Today, I am going to walk you through two things you can do to get a more interesting sound in your music. If you have followed the blog for any amount of time, one will be familiar to you and the other less so.
We are going to be working with an 8-bar phrase that you might typically see as an introduction or interlude. There is no real melody associated with it so we have full freedom to do what we want.
I see a lot of music and I thought we could start with an example of the kind of writing I often see, especially from inexperienced arrangers.
There is nothing wrong with this of course. It utilizes a simple broken chord pattern in the right hand called a straddle. Because it is used so consistently, it makes the piece sound very developed rather than maybe just something the pianist is playing off the top of his/her head.
Assuming we are going to stick with this 8 chord progression, let’s apply two different concepts that will make these 8 bars more interesting. The first thing we are going to do is something deceptively simple: we are going to move the melody notes (top notes) on those straddles further away from the roots of the chords. By that I mean that we are going to use notes that are not necessarily in the triad of the chord (root, third, or fifth). Here is one way to go about it.
Play this example against the first example and note the difference in complexity in the sound. This one uses 7ths and 9ths as the top notes in the straddles rather than 3rds and 5ths. Putting Eb (b9) on top of the D7 is especially pretty. Remember, we call these kinds of decisions voicing decisions. Voicing refers to the order and positions of the actual notes of a chord as played on the keyboard.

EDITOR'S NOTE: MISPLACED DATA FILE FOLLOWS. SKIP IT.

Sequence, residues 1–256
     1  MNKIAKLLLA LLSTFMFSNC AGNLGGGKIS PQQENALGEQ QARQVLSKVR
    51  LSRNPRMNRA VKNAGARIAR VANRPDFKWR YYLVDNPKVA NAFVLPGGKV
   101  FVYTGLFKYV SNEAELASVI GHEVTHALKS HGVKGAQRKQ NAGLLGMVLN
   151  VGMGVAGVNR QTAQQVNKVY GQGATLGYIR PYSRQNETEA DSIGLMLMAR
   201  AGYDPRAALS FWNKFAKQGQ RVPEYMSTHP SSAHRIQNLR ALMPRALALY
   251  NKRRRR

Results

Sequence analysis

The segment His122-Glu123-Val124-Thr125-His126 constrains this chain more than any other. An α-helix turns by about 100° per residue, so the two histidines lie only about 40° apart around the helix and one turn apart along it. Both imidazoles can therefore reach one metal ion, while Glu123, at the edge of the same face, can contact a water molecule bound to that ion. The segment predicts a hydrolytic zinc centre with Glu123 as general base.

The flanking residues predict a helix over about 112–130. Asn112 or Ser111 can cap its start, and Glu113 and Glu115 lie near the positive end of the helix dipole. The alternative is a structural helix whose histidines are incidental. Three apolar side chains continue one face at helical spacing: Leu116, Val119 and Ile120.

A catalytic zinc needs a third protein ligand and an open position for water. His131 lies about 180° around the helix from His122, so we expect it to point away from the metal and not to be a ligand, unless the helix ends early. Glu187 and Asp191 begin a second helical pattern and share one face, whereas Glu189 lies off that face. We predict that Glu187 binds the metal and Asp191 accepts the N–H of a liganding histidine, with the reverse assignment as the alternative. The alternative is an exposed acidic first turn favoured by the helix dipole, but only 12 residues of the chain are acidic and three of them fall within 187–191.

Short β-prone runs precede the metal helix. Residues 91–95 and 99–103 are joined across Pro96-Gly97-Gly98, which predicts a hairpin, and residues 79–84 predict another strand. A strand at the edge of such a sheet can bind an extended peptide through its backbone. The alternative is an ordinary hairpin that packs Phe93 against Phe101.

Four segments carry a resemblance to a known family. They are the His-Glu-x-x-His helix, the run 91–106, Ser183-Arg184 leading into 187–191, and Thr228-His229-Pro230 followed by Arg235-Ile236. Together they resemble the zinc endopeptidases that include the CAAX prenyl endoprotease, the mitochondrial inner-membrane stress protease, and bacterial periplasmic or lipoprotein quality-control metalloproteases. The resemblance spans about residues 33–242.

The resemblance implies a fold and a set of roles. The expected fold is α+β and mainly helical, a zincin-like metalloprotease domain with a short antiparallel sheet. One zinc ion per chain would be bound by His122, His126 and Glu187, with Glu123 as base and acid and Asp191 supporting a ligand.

When you start choosing the top notes you play on the keyboard according to this principle, your sound will improve dramatically. Color notes are always great but they are really great when they are on top of the voicing.
Let’s also consider something else we can do with these 8 bars. This is much more dramatic. I want you to lose some of the structure. In other words, loosen up on those patterns. Just because you play straddles for a bar does not mean you need to play straddles in the next bar. No the music will not sound as structured and planned, but it will sound more interesting.
I know this is different than what many of you have been taught. Frankly, it is different than what I was taught in college. Especially for classical music lovers who greatly value structure, this is a very different approach. But I want you to sound a little less “Mozart-y” and a little more modern.
Here is an example of what I might do to these 8 bars.
Don’t bother looking for structure in my patterns here. You won’t be able to identify much (because there isn’t much). But that does not mean that there is no method to the madness. There are some rules I am following:
1) The rhythm is intentionally varied throughout but not so much that the overall phrase lacks uniformity.
2) The lines I am playing are based on the chord underneath them. (By this, I mean the notes in the line belong to the underlying chords.)
3) The line designed for each chord is designed to connect seamlessly to the line for the next chord.
4) Lines for each chord do not necessarily start or stop with the chord. Note the use of pickups throughout the phrase.
5) The notes that are played on downbeats and other critical spots are chosen intentionally using the concept we just discussed (putting color notes on top of voicings).
As you can imagine, the actual lines that you can use in these 8 bars are numerous. The one above is fairly similar to what I would do off the top of my head. If I had the time, I might work up something more creative and complex.
Don’t expect to be able to do this immediately, but it is not as hard as you might think. Developing lines like this will help you in numerous ways too. So give it a shot and stick with it. Practically anything you do will sound more interesting than consistent 8th note straddles.